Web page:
Aceclofenac Sustained Release Tablets 200 mg
Each film-coated sustained-release tablet contains:
Aceclofenac BP 200 mg
It is a Phenylacetic acid derivative [[[2-[(2,6 Dichlorophenyl)amino]Phenyl]acetyl]oxy]acetic acid.
Non Steroidal Anti-inflammatory Drug
The mode of action of aceclofenac is largely based on the inhibition of prostaglandin synthesis. Aceclofenac is a potent inhibitor of the enzyme cyclooxygenase, which is involved in the production of prostaglandins. The drug inhibits synthesis of the inflammatory cytokines interleukin (IL)-1 and tumor necrosis factor and prostaglandin E2 (PGE2) production. Effects on cell adhesion molecular from neurophils have also been noted. In vitro data indicate inhibition of cyclooxygenase (Cox)-1 and 2 by aceclofenac in whole blood assays, with selectivity for Cox-2 being evident. Aceclofenac has shown stimulatory effects on cartilage matrix synthesis that may be linked to the ability of the drug to inhibit IL-1 activity. In vitro data indicate stimulation by the drug of synthesis of glycosaminoglycan in osteoarthritic cartilage. There is also evidence that aceclofenac stimulates the synthesis of IL-1 receptor antagonist in human articular chondrocytes subjected to inflammatory stimuli and that 4’-hydroxyacelofenac has chondroprotective properties attributable to suppression of IL-1 mediated promatrix metalloproteinase production and proteoglycan release.
Aceclofenac is rapidly and completely absorbed after oral administration, peak plasma concentrations are reached 1 to 3 hours after an oral dose. The drug is highly protein bound (7.99%). The presence of food does alter the extent of absorption of aceclofenac but the absorption rate is reduced. The plasma concentration of aceclofenac was approximately twice that in synovial fluid after multiple doses of the drug in patient with knee pain and synovial fluid effusion. Aceclofenac is metabolized to a major metabolite, 4-hydroxyaceclofenac and to a number of other metabolites including 5-hydroxyaceclofenac, 4’-hydroxydiclofenac, diclofenac and 5-hydroxydiclofenac. Renal excretion is the main route of elimination of aceclofenac with 70 to 80% of an administered dose found in the urine, mainly as the glucuronides of aceclofenac and its metabolites of each dose of aceclofenac, 20% is excreted in the faeces. The plasma elimination half-life of the drug is approximately 4 hours.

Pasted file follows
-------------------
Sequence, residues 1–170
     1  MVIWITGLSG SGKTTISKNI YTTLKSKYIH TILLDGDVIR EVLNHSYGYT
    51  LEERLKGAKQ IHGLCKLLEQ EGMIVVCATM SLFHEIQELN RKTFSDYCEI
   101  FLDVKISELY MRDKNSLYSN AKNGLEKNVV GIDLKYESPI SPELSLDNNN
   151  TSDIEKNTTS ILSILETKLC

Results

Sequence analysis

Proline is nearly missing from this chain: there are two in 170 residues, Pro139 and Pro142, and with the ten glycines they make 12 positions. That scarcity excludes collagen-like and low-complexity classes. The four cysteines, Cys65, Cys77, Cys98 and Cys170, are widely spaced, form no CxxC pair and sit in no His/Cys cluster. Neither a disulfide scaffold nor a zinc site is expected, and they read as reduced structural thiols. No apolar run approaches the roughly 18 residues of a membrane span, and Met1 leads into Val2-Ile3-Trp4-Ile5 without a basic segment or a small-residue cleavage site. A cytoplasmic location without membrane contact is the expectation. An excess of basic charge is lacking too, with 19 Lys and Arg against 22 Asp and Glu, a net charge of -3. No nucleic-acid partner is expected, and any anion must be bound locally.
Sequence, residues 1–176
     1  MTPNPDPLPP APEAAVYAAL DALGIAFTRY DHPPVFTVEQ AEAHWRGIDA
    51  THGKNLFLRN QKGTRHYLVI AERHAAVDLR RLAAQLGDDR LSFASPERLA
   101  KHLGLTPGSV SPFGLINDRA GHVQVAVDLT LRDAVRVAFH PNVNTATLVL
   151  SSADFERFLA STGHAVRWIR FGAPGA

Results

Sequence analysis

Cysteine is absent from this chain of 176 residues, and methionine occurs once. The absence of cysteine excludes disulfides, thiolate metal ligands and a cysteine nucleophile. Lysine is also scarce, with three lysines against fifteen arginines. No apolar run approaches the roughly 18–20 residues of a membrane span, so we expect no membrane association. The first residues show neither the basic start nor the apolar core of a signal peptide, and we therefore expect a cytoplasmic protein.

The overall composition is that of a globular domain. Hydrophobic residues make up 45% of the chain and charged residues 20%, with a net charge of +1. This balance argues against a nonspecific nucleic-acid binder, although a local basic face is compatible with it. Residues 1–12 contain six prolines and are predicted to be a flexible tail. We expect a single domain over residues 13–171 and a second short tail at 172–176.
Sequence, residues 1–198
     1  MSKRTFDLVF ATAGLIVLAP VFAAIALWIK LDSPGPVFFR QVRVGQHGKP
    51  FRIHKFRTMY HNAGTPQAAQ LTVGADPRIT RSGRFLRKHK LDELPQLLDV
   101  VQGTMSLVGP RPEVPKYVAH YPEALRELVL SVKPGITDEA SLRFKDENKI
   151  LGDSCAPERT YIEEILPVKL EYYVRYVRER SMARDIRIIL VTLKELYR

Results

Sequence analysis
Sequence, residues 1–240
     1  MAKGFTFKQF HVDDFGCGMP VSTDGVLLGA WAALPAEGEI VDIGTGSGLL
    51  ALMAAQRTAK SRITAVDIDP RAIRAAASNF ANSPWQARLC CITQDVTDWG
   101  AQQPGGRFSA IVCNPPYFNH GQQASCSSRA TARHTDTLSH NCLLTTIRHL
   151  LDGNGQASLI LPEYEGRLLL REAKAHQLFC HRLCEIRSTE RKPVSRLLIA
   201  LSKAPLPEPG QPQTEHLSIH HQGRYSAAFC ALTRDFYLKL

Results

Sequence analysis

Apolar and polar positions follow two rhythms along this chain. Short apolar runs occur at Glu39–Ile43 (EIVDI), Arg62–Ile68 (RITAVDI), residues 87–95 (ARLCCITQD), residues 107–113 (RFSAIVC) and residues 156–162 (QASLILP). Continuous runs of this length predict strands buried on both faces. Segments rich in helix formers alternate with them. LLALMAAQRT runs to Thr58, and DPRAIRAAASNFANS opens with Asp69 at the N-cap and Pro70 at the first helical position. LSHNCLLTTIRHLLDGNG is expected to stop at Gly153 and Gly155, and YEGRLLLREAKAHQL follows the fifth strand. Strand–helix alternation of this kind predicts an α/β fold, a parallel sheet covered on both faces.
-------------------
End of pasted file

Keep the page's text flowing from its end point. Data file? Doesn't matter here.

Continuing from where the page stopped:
For the relief of pain and inflammation in both acute and chronic pain like osteoarthritis, rheumatoid arthritis, ankylosing spondylitis, dental pain, post-traumatic pain, low back pain, gynaecological pain etc.
Hypersensitive to the drugs (may precipitate attacks of asthma, bronchospasm, acute rhinitis or urticaria), GI bleeding moderate to severe renal impairment, last three months of pregnancy.
Aceclofenac is well tolerated, with most adverse events being minor and reversible and affecting mainly the GI system. Most common events include dyspepsia (7.5%), abdominal pain (6.2%), nausea (1.5%), diarrhea (1.5%), flatulence (0.8%), gastritis (0.6%), constipation (0.5%), vomiting (0.5%), ulcerative stomatitis (0.1), pancreatitis (0.1%). Although the incidence of gastro intestinal adverse events with aceclofenac was similar to those of comparator NSAIDS in individual clinical trials, withdrawal rates due to these events were significantly lower in aceclofenac than with ketoprofen and tenoxicam. Other adverse effect, which is not common such as dizziness (1%), vertigo (0.3%), and rare cases: par aesthesia and tremor.
Cautiously administer to patients with gastro-intestinal disease, history of peptic ulceration, cerebro-vascular bleeding, ulcerative colitis, Crohn’s disease, SLE, porphyria, hematopoietic-or coagulation-disorders. The dose should be reduced in patients with mild to moderate impairment of hepatic, renal or cardiac functional impairment. The use of NSAIDs may result in deterioration of renal function and fluid retention.
PREGNANCY AND LACTATION
Pregnancy: There is no information on the use of aceclofenac during pregnancy. Aceclofenac should not be administered during pregnancy unless there are compelling reasons to do so. The lowest effective dose should be administered.
Lactation: There is no information on the secretion of aceclofenac in breast milk. The use of aceclofenac should therefore be avoided during lactation unless potential benefits to the mother outweigh the possible risks to the children.
Aceclofenac may increase the plasma concentration of lithium & digoxin, concomitant use with diuretics may inhibit the activity of diuretics. Serum potassium should be monitored when used with potassium sparing diuretics. The activity of anticoagulants may be enhanced when used concomitantly with aceclofenac. Convulsion may occur due to interaction between quinolones and NSAIDs.
DOSAGE AND ADMINISTRATION
The usual dose of aceclofenac is 200 mg given twice daily by mouth, one tablet in the morning and one in the evening. There is no evidence that the dosage of aceclofenac needs to be modified in patients with mild renal impairment, but as with other NSAIDS caution should be exercised.
Adults: 200 mg orally b.i.d. Aceclofenac can be taken before or after food.
Children: There is no clinical data on the use of aceclofenac in children.
Hepatic insufficiency: Dosage reductions are recommended in patients with hepatic impairment, with a suggested initial dosage of 100 mg/day.
OVERDOSAGE, SYMPTOMS AND ANTIDOTE
There are no human data available on the consequences of aceclofenac overdosage. The symptoms could be: Nausea, vomiting, stomach pain, dizziness, somnolence and headache. Treatment: If required, gastric lavage, charcoal in repeated doses. Antacids when necessary and other symptomatic treatment.
Store below 30°C. Keep out of reach of children.
DATE OF PUBLICATION
NAFDAC Reg. No. : B4-0219
MICRO LABS LIMITED-UNIT III
R.S. No. 63/3&4, Thiruvandar Koil,
Pondicherry-605 102. INDIA.